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National Parks: Key to Malaysian Tourism Revival
06 June 2021 | Written by Chris Alexander

As tourism officials and industry players continue working on a roadmap for recovery following Covid-19, one of Malaysia’s best assets could be its natural attractions. Returning tourists are searching for wellness breaks with an emphasis on health and nature, which means the great outdoors is set to take centre stage. With many national parks to choose from, Malaysia is the perfect landscape for post-pandemic travel. In this article, we look at five of the best. 

Maliau Basin 

Located around 300km from Kota Kinabalu in the centre of Sabah, the Maliau Basin covers over 58,000 hectares of pristine rainforest, designated a conservation area since 1981. Home to rich biodiversity, the region is a great place to see many species endemic to Borneo, such as the pygmy elephant, the banteng and sambar deer, along with 2,000 other recorded species of flora and fauna. The landscape itself is also a major attraction, with a combination of waterfalls, hiking trails and jungle camps offering visitors the perfect off-road adventure. 

Crocker Range  

Sabah’s largest terrestrial park, the Crocker Range runs through eight districts, covering almost 140,000 hectares – an area of land that’s approximately the same size as Singapore. The Park was awarded biosphere status by the International Coordinating Council for Biosphere Reserves in 2014 and is home to one of the last remaining hill dipterocarp forests in Sabah. Easily accessible from Kota Kinabalu, the Crocker Range is a great place to explore Borneo’s greenery on a short getaway.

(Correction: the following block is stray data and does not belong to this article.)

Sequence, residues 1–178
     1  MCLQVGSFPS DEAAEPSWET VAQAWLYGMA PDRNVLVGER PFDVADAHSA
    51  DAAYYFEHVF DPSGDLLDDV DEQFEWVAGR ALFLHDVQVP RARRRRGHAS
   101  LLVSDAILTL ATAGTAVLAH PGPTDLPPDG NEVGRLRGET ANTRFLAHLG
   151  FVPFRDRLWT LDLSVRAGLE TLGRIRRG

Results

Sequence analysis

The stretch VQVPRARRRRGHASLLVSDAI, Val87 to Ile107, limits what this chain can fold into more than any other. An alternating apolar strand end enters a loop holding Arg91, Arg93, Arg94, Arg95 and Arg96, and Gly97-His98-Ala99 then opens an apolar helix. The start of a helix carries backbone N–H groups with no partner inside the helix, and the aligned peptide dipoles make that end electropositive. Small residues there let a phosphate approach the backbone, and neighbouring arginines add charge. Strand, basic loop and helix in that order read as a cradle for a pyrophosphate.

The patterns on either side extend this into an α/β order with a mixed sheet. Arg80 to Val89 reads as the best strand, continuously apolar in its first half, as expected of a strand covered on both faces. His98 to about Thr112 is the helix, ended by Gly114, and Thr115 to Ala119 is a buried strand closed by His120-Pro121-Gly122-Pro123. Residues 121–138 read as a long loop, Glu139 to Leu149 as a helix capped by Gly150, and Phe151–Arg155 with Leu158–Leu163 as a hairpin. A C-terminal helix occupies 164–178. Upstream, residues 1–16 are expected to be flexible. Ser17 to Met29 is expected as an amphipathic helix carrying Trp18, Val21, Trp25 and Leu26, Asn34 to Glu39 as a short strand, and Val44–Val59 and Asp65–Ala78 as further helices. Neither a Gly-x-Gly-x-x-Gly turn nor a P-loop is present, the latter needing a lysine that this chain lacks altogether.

Gunung Mulu 

Sarawak on the western coast of Borneo is the setting for some of Malaysia’s most eye-catching natural treasures. Chief among them is the Gunung Mulu National Park; a UNESCO World Heritage Site that shelters one of the world’s most elaborate and extensive cave systems. With river rapids to ride and lush jungle interiors to explore, Gunung Mulu is a rabbit hole of wild adventures that returning travellers will find impossible to resist. 

Penang National Park 

Back over on the peninsula, Malaysia continues to offer a spectacular array of treasures in the natural world. Penang National Park covers 1,213 hectares of land and sea, home to white sandy beaches and the Pantai Acheh Forest Reserve, which includes everything from hill forests to coastal mangroves and coral seas. For travellers with green fingers, the Park is an Eden; over 100 species of plants have been recorded here, including wild orchids, fig trees and pitcher plants. Against this colourful backdrop, wildlife sightings include dolphins, long-tailed macaques, mouse deer, white-bellied sea eagles and civet cats. 

Gunung Ledang 

Located in the Tangkak District of Johor, Gunung Ledang (also known as Ophir) stands at 1,276 metres (4,186 feet) tall, overlooking the border between Muar and Melaka. Over the centuries, this lofty location has inspired a mix of poetry, mythology and origin stories, from Malay Sultanates to Javanese empires and Chinese merchant seafarers. Popular local folklore has it that the mountain was once home to a princess with magical powers, who had the Sultans of Malacca in the palm of her hand. Today, the Park continues to offer magical experiences in nature, with spectacular waterfalls, hikes and sunsets a major highlight.